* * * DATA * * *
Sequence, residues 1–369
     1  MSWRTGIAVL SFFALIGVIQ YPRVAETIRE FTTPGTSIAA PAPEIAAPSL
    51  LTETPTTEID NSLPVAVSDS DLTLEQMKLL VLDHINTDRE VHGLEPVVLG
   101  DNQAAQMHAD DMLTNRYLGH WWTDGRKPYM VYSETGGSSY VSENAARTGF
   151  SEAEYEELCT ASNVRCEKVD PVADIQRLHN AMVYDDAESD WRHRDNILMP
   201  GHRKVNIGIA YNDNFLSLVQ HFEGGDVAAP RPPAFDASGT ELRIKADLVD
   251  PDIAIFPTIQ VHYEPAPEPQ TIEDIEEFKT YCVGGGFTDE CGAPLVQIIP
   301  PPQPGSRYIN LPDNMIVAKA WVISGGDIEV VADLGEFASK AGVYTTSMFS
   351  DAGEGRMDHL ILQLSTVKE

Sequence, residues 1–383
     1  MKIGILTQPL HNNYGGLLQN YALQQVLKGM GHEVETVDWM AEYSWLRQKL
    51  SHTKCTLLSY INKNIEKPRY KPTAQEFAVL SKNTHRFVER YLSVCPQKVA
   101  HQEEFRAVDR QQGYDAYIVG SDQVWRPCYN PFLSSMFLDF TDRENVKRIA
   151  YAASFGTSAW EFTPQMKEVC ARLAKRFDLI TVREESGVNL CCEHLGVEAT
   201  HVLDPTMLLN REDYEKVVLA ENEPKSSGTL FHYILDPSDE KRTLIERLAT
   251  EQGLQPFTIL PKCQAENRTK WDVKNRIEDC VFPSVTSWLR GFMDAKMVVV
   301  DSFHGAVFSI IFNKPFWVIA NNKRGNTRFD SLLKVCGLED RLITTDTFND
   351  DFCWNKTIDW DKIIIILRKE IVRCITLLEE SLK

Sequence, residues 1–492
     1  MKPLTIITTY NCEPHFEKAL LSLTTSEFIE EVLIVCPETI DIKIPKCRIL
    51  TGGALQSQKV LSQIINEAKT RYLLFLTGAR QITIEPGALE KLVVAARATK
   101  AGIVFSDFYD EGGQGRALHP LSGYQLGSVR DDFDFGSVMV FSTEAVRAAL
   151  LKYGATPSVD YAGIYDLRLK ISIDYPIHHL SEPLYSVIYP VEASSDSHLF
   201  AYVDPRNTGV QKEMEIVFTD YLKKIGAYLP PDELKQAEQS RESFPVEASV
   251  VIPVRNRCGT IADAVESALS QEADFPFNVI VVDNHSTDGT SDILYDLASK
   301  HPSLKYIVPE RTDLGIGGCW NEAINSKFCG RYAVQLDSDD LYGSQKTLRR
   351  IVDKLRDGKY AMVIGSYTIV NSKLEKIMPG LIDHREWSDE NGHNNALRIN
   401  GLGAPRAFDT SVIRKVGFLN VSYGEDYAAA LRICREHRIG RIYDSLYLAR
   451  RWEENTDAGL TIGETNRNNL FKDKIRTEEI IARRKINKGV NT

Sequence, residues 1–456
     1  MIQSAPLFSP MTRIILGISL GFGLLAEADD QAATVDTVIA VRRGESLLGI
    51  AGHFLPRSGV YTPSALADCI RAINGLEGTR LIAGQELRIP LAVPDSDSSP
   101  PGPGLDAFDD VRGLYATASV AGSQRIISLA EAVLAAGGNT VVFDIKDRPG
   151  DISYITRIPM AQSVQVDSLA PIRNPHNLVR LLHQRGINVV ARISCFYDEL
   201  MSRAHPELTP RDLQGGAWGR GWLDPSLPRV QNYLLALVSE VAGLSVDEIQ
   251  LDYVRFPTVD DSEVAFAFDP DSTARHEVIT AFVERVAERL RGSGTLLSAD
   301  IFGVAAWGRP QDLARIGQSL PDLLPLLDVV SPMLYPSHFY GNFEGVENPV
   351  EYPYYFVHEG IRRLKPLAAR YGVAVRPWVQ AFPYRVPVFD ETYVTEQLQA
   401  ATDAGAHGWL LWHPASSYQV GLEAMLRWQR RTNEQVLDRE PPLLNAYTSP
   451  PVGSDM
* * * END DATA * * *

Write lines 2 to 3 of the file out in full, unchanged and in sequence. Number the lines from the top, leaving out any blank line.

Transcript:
     1  MSWRTGIAVL SFFALIGVIQ YPRVAETIRE FTTPGTSIAA PAPEIAAPSL
    51  LTETPTTEID NSLPVAVSDS DLTLEQMKLL VLDHINTDRE VHGLEPVVLG